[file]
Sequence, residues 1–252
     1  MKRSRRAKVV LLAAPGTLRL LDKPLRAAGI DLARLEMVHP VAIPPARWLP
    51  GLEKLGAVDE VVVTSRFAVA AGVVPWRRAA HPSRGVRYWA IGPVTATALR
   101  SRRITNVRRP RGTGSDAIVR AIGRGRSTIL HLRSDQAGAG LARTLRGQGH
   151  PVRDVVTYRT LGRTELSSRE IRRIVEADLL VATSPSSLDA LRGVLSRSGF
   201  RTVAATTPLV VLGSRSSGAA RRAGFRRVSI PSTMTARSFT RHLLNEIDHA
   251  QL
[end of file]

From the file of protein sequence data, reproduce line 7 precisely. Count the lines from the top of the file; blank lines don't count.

   251  QL